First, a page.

Neither Mary Wollstonecraft nor John Stuart Mill had the luxury of starting with the "given" of universal human rights. Rather, each had to construct an argument for the establishment of rights as legal and cultural "givens" for all humans, particularly in the case of historically oppressed groups such as women and African slaves.
In this talk, Botting will defend the ongoing relevance of such foundationalist, or humanistic, arguments as working in tandem with contemporary non-foundationalist, or political, human rights approaches by John Rawls and others. As with Wollstonecraft, Mill, and Amartya Sen, she understands abstract arguments for human rights — grounded on either metaphysical or value-laden naturalistic conceptions of the human being — as critical tools for alleging how rights ought to be specified and realized in law and policy.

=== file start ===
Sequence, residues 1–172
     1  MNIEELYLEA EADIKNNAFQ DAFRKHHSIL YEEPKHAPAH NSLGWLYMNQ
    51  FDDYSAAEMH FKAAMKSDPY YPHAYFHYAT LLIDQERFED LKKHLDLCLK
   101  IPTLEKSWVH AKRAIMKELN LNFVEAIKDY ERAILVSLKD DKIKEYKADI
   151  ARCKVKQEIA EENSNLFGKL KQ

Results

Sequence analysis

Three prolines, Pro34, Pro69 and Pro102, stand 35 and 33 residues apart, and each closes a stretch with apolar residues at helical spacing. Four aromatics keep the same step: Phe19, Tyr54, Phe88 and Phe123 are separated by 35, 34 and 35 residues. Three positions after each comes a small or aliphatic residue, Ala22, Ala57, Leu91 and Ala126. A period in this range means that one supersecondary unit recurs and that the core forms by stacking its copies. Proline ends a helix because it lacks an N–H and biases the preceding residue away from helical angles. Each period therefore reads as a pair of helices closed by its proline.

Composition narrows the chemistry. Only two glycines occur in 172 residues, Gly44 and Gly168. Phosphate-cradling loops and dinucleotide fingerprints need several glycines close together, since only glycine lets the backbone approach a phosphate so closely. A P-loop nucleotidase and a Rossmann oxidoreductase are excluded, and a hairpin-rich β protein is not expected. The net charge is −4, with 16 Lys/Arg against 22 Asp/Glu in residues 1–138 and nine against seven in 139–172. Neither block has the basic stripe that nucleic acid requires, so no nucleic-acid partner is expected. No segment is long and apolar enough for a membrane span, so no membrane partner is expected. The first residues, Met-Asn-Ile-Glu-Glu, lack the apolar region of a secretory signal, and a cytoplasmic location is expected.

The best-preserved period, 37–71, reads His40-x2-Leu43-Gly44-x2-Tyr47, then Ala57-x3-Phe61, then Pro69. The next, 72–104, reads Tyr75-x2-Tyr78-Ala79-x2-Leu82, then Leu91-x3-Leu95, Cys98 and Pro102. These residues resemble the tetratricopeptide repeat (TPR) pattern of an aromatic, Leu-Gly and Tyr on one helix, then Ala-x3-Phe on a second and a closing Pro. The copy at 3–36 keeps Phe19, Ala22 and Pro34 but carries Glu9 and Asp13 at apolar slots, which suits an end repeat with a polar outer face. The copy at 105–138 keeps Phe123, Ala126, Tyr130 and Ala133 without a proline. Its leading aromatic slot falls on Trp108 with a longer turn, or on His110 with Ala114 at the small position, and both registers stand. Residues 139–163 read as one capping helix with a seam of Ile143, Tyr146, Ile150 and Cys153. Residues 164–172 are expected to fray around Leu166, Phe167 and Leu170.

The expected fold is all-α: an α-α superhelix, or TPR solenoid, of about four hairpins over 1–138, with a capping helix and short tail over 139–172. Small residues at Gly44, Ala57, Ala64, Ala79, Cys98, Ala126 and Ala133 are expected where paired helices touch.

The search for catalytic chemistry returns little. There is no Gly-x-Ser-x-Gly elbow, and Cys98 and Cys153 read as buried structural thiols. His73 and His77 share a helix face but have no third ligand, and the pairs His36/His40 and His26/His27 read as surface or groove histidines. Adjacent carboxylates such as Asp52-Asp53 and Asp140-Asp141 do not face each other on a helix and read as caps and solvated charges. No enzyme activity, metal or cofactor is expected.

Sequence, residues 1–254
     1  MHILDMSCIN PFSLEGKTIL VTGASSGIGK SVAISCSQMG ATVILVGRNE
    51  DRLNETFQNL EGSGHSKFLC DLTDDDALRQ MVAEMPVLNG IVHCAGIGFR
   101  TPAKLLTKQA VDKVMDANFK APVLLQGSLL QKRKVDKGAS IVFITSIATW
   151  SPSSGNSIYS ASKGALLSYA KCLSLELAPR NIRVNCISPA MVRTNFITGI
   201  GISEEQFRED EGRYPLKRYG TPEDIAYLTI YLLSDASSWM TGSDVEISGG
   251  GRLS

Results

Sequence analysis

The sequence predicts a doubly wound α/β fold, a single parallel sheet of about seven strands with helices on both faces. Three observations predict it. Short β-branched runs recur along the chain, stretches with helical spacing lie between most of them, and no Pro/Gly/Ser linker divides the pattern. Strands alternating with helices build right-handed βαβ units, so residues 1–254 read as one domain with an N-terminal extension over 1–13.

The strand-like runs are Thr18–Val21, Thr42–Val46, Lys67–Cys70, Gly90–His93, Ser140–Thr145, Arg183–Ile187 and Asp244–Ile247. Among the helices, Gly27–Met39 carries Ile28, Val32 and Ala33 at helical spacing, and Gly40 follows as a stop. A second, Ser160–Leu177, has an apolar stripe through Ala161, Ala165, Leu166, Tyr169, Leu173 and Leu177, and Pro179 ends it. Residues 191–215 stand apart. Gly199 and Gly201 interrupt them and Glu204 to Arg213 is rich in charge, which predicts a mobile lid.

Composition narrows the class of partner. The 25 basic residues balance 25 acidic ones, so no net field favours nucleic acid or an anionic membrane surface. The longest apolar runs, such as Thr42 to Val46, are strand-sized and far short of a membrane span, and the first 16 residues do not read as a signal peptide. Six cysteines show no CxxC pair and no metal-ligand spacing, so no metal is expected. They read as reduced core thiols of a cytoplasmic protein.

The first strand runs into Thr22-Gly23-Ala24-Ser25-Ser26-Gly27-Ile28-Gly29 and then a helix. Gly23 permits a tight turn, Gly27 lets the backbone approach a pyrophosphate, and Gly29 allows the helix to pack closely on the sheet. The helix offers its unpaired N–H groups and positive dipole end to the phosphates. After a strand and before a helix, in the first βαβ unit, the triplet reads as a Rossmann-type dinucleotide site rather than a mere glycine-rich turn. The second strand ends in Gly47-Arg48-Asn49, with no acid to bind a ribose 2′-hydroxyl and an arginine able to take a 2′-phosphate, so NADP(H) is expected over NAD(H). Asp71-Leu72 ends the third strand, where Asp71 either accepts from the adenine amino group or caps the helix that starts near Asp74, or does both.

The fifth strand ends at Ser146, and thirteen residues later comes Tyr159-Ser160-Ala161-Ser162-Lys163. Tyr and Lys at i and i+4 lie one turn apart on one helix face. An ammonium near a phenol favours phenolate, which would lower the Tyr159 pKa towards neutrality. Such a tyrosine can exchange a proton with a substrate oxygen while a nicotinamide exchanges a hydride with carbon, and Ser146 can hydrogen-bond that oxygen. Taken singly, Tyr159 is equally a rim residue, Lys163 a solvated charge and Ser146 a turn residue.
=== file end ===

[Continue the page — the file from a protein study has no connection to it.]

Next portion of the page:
The justification of human rights via (secular or theological) humanistic foundations has important practical implications for effective allegation and subsequent dissemination of human rights.
She will set forth analyses of Wollstonecraft and Mill's respectively theological and secular approaches to grounding women's human rights arguments. She also will compare the advantages and disadvantages of each in the context of historic and contemporary debates on religious polygamy (technically, polygyny—a man having more than one wife) as a women's human rights issue.